The Dutch government has barred a ship operated by abortion rights activists from sailing to foreign countries.
The ship has now to stay docked within 25 km of an Amsterdam hospital.
The boat - run by a group called Women on Waves - sparked protests when it visited Ireland and Poland.
A Dutch court ruled last month that the government's refusal to allow the group to carry out abortions was unjustified.
Under Dutch law, no license is needed for abortions up to six weeks, but the group wants to give the abortion pill to women up to 12 weeks pregnant.
After the centre-right government's ban, the Langernort abortion ship has to stay docked within 25 kilometres (16 miles) of an Amsterdam hospital.
"They won't be able to sail to other countries," said Dutch Health Ministry spokesman Richard Lancee.
He added that the ministry's decision was based on the potential risks related to abortions carried out after six weeks, such as acute bleeding.
The ban was the latest legal challenge to prevent the volunteer crew aboard the floating clinic from working in countries were abortion is illegal.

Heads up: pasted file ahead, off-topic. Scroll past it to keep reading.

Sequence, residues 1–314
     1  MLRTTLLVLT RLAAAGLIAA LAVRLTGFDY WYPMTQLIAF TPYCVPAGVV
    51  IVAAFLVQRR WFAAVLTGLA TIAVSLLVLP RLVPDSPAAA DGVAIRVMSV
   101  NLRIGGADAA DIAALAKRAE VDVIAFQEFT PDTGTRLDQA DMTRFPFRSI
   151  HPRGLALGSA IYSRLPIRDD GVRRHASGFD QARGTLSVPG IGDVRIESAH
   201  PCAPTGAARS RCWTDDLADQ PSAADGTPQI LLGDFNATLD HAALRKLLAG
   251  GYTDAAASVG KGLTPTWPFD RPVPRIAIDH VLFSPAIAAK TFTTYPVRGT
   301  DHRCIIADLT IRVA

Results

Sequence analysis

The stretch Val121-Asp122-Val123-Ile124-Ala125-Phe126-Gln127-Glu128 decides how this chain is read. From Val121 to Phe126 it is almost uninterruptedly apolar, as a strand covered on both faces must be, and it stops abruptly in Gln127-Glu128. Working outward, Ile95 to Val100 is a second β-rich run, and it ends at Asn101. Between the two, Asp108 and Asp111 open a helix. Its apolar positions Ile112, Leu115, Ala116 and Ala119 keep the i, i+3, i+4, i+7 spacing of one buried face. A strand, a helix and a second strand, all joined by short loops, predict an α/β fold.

On 4 June, the court in Amsterdam ruled that the government's refusal to issue the group with a permit to carry out abortions was unjustified.
The group said it was studying legal options to fight the government's decision.
"We have the skills and the experience to provide all the necessary medical assistance for this type of abortion," Rebecca Gomperts, the group's founder, told the Associated Press news agency.
The privately funded group was set up in 1999 and has in the past sailed to Ireland and Poland, where legislation prevents women from undergoing an abortion.
The idea is to take women on board and sail out to international waters, where the group will be able to offer non-surgical abortions. However, no abortions were carried out when the ship visited Ireland.
After Tuesday's ruling, the group still said it expected to sail again in the coming months.